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Evidence of murder is uncovered in New Mexico

Evidence of murder is uncovered in New Mexico


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Law enforcement officers in Elephant Butte, New Mexico, began digging for evidence near the mobile home of David Parker Ray and Cynthia Lea Hendy after more evidence came to light about the couple’s activities. On March 22, a twenty-two year old woman was found running naked, except for a padlocked metal collar around her neck, down an unpaved road near Elephant Butte State Park. She told police that Ray and Hendy had abducted her three days earlier in Albuquerque before bringing her to the mobile home where she was raped and tortured.

As police delved deeper into Ray and Hendy’s background they became convinced that the woman was not the only victim. Upon hearing initial news reports, another woman called New Mexico police with her own tale of sexual torture at the hands of the couple. Then, an acquaintance of Hendy told investigators that she had previously spoken about Ray burying people near their home.

The woman escaped when Ray was at his job at the State Park. She got into a scuffle with Hendy and hit her on the back of the head with an ice pick. Hendy pled guilty to being an accomplice and then even more was revealed. Soon David Ray’s daughter Jesse was also charged for her participation in a similar 1996 attack. And the Ray’s friend Dennis Yancy was charged with the murder of a young woman who disappeared in 1997 from an Elephant Butte bar.


New Mexico man acquitted on murder charge in girl's killing

LOS LUNAS, N.M. (AP) &mdash Jurors found a New Mexico man not guilty of a murder charge and deadlocked on two other felony charges in the 2018 rape and strangulation death of a 6-year-old girl.

The Albuquerque Journal reported that jurors at Leland Hust&rsquos trial deadlocked on the charges of child abuse resulting in death and criminal sexual penetration of a child. Prosecutors plan to seek a new trial on those charges.

Hust cried and appeared relieved after the verdict was read.

The verdict came nearly three years after Ariana &ldquoJade&rdquo Romeo was found dead and bloodied Oct. 11, 2018, in a bedroom of the Rio Rancho house she and her mother shared with Hust and seven others.

A forensic examination found evidence that she had been raped and strangled or smothered to death.

Prosecutor Jessica Martinez said she was disappointed with the verdict and planned to seek a new trial on the two charges on which the jury deadlocked.


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Building official was on roof of Surfside condominium only hours before collapse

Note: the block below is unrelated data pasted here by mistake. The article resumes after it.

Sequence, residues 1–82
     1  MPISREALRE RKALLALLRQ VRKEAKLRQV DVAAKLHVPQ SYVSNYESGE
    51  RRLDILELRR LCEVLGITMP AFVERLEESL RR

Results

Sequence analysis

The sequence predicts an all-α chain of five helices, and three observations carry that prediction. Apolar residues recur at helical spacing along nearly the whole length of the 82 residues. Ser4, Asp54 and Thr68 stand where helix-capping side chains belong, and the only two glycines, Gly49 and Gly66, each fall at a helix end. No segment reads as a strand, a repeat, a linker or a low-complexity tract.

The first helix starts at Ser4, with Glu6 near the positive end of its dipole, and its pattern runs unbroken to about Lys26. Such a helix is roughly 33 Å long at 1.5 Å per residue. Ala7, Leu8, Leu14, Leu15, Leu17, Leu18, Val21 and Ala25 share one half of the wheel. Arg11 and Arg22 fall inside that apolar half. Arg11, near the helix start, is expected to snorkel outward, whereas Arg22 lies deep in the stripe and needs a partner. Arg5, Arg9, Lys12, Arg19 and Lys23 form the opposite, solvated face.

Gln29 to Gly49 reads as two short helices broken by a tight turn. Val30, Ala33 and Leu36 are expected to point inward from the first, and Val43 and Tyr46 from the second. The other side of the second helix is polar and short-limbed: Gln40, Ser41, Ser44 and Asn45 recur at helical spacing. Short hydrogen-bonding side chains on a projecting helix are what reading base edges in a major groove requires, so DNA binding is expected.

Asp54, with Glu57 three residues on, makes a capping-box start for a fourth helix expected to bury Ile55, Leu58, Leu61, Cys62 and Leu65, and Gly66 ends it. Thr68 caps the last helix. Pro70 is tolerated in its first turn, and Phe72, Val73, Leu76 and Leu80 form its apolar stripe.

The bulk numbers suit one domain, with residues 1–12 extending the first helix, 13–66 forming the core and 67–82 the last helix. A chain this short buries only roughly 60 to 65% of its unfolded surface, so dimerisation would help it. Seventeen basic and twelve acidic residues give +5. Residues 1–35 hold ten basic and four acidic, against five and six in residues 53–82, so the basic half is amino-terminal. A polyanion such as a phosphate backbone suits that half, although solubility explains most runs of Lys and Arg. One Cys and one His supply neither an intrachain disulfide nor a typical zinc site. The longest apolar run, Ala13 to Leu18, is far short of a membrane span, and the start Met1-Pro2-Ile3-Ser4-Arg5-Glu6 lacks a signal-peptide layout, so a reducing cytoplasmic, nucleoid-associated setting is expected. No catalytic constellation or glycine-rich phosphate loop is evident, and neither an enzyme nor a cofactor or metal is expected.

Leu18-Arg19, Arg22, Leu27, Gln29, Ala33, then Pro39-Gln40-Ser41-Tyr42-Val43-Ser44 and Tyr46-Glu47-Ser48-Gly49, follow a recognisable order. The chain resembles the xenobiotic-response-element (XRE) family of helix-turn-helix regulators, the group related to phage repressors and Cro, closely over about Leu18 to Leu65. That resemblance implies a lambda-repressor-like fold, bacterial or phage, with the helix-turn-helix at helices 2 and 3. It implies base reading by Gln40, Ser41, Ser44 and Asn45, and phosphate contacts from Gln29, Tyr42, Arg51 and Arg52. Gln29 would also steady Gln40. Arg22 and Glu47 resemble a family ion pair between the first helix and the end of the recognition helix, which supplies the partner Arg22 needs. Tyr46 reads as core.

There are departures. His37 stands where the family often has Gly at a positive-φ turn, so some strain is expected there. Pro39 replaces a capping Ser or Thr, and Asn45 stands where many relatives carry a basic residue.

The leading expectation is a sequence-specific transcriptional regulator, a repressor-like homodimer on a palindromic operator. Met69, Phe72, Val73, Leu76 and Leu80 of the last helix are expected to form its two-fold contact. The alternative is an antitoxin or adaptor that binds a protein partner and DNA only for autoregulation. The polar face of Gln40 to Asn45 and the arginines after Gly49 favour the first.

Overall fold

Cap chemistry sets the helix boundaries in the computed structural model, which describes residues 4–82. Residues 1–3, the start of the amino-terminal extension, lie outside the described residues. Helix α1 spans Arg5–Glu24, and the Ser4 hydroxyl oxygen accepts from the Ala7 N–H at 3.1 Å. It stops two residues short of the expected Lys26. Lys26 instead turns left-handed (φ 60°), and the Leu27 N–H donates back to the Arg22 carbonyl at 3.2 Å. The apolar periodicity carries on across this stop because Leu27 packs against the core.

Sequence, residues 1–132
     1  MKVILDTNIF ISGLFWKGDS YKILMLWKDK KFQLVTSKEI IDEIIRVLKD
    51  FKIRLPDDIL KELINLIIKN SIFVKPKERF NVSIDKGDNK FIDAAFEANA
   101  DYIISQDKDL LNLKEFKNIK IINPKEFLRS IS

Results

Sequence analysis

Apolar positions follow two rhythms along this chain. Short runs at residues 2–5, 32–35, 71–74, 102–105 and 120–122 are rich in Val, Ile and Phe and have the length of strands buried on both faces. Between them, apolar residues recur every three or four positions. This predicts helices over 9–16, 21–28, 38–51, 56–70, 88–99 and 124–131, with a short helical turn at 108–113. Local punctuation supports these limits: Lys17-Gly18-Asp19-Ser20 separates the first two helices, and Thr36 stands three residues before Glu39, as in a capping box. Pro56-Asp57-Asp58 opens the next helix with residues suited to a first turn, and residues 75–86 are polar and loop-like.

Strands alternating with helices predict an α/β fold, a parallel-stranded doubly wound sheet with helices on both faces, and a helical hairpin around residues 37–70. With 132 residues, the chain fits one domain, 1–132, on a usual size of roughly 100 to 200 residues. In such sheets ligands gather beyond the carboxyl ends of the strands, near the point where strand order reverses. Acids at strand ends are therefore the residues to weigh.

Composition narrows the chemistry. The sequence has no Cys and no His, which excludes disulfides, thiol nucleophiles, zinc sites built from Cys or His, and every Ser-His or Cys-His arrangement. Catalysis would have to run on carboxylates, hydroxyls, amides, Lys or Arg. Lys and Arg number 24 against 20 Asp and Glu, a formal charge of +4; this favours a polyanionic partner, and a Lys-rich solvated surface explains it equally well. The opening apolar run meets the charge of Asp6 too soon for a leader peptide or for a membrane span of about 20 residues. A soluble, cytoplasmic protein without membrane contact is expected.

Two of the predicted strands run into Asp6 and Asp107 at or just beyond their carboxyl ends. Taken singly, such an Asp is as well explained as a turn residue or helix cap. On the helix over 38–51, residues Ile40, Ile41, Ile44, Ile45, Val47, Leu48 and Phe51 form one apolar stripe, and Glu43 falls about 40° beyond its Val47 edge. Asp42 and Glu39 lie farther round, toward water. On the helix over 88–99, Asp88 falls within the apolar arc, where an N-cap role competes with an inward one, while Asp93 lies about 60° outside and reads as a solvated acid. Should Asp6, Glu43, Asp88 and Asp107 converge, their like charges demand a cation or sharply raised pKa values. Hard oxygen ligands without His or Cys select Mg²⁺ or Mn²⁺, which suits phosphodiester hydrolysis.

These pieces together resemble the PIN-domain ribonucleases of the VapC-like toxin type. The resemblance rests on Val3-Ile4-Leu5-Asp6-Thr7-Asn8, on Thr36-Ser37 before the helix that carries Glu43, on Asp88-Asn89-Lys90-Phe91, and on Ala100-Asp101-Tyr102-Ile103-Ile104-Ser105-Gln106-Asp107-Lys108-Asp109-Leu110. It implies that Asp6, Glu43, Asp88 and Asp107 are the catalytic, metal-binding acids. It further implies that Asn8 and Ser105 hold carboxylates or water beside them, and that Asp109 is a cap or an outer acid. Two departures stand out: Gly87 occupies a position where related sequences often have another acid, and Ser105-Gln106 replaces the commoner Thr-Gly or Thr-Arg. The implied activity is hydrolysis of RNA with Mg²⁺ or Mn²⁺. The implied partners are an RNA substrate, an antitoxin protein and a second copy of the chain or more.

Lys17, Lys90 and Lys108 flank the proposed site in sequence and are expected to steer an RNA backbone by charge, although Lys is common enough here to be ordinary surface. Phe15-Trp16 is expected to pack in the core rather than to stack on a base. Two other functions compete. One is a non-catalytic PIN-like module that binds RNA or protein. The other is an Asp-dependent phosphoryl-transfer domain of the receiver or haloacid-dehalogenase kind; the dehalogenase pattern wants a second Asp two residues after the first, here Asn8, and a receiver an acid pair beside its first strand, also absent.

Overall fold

(NEXSTAR) – The building official for Surfside, Florida, said he was on the roof of Champlain Towers South only 14 hours before it collapsed on Thursday.

Jim McGuinness said at an emergency meeting on Friday that he was inspecting work on the building’s roof anchors, which are used by window cleaning crews, the Palm Beach Post reported. McGuinness added that he saw nothing of concern at the time, nor any “inordinate amount of equipment” that might have raised any red flags.

Rescue efforts at Surfside condo collapse slowed by ‘very deep’ fire in rubble: ‘This is very frustrating’

SURFSIDE, Fla. (WFLA) – No progress has been made in finding any of the 159 people that went missing in the Champion Towers collapse in Surfside, according to officials in Miami-Dade County.

Rescue efforts have been hampered as a "very deep" fire has spread through the rubble, forcing crews to put it out to make further ventures into the wreckage.

$50 billion mistakenly deposited into Louisiana family’s bank account

BATON ROUGE, La. (WVLA) – A Baton Rouge family got the shock of a lifetime when an enormous amount of money was mistakenly deposited into their bank account.

Darren James said his wife called him frantic, telling him to have a seat before showing him that $50 billion dollars had been deposited in their account.


Evidence in Mexico serial killer's house suggests 17 victims

MEXICO CITY (AP) — Investigators digging under the house of a suspected serial killer on the outskirts of Mexico City said Saturday they have found 3,787 bone fragments so far, apparently belonging to 17 different victims.

Prosecutors in the State of Mexico, which borders Mexico City, suggested the grisly finds may not end there. In excavations carried out since May 17, authorities have dug up the floors of the house where the suspect lived. They now plan to extend the search to the soil beneath several other rooms he rented out on the same property.

ID cards and other possessions from people who disappeared years ago were found at the junk-filled home, suggesting the trail of killings may go back years.